from centuries past making clear
contact in a podcast
channelling his toils and efforts
an artist whose initial struggles
with mind, soul, pocket
rise and fall with each
strike of the bow
altering my thoughts on outer things
a distraction, like the bird song often
heard in my childhood estate longing
for far flung horizons.
 

Stone circle alignments

 
They invite soul connection
invoke an energy of some sort
long past histories underfoot.
Early man was quite the architect
aligning the stones in such a way
that at equinox and solstices
sun rises to light up the passageway.
A seeking brings people here
an ancient longing that needs met.
Creevykeel court tomb is a full tomb
the largest in Ireland.
Tievebaun Mountain seems to guard it
shadows come and go with the sunsets.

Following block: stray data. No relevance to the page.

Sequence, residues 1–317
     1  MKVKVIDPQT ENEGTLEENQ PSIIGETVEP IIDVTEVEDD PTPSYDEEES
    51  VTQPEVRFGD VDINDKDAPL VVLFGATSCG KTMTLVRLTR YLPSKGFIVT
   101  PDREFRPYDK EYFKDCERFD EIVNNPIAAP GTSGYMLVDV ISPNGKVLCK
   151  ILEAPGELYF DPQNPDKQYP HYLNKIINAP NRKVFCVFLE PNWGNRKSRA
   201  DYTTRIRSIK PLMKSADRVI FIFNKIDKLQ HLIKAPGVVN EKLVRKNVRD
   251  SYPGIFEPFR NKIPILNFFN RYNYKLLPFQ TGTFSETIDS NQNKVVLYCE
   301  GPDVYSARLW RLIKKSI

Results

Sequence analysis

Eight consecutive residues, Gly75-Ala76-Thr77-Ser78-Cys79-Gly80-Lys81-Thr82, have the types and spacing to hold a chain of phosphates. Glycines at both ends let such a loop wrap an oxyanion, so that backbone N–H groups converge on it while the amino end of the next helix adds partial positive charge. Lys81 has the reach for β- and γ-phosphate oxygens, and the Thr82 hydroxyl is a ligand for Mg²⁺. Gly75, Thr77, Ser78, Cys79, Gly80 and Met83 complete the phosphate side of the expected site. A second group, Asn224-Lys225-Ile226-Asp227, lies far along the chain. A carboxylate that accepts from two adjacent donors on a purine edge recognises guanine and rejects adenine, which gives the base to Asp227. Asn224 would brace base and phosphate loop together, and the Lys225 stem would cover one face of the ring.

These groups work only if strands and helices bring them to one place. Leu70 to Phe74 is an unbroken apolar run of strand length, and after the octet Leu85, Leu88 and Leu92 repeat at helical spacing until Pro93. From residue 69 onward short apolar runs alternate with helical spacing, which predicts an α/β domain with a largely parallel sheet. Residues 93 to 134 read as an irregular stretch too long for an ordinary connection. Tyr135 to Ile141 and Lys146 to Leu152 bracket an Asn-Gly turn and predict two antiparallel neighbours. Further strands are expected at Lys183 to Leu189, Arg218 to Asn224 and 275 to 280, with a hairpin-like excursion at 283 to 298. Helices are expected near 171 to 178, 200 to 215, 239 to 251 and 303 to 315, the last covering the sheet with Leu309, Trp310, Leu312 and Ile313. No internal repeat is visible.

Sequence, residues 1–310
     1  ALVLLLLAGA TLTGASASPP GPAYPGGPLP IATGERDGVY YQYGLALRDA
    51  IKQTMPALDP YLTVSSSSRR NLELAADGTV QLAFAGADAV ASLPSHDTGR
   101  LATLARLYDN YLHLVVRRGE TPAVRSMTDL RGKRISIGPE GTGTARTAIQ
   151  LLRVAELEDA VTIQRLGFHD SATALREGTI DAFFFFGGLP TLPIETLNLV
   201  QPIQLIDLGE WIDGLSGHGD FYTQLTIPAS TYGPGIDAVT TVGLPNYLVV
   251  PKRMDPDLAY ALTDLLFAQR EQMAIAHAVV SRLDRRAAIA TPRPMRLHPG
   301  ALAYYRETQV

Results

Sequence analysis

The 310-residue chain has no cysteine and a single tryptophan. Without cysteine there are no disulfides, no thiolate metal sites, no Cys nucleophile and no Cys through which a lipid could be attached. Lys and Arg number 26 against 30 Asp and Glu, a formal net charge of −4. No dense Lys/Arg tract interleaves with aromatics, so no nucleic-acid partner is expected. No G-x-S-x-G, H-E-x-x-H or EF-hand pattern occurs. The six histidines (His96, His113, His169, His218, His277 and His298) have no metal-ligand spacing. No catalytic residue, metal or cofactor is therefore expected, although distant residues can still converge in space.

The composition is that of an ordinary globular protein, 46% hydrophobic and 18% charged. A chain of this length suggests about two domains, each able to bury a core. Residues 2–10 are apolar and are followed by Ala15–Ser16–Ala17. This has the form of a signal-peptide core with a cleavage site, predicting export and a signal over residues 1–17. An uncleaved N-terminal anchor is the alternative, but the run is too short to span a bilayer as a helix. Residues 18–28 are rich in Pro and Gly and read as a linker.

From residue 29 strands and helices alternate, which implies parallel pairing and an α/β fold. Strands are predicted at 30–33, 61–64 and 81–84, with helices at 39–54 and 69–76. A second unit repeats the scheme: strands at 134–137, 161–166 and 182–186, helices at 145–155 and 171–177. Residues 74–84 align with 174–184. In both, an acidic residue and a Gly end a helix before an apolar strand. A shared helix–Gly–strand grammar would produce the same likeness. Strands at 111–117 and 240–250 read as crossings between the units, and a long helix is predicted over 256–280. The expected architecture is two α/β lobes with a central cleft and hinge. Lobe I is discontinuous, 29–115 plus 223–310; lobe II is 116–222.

we don’t give ancient man enough credit
for the science they carved into the landscape.
 

Fintona

 
Or to give it its’ town-land meaning
A fairly coloured field.
A small country town, familiar, friendly.
one can see the whole shopping street
from left to right without shifting a foot.
There is a jewel though
a hidden forested area
where a raised fairy fort stands
once druids conferred their words
in praise of nature.
 
There too I find the remains of a
burnt out wreckage of a car
perhaps stolen years ago left now for
mother nature to clear up which she did
wrapping her briars in and through the doors
designing the broken glass with her leaves.
 

Awakening

 
Sun slants in through the venetian blinds
dust particles float in the narrow space
books, a pen, Sundays newspapers
and a mobile phone cling on the quilt cover.
 
Its 9.30am Spring has come, crisp April air
drifts in from the ajar window, it will soon be
Summer again, warmth of the sun rejuvenates.
 
I wander the halls of my mind on wakening
sieve through last nights dream
catching broken pieces of a story or place
and wondering all day if it meant something.
 
Fintona and other poems is © Aine MacAodha
These poems have been published in the online journal Episteme, Vol. 4(1), June 2015 under the section IRISH POETRY | Web address | http://www.episteme.net.in/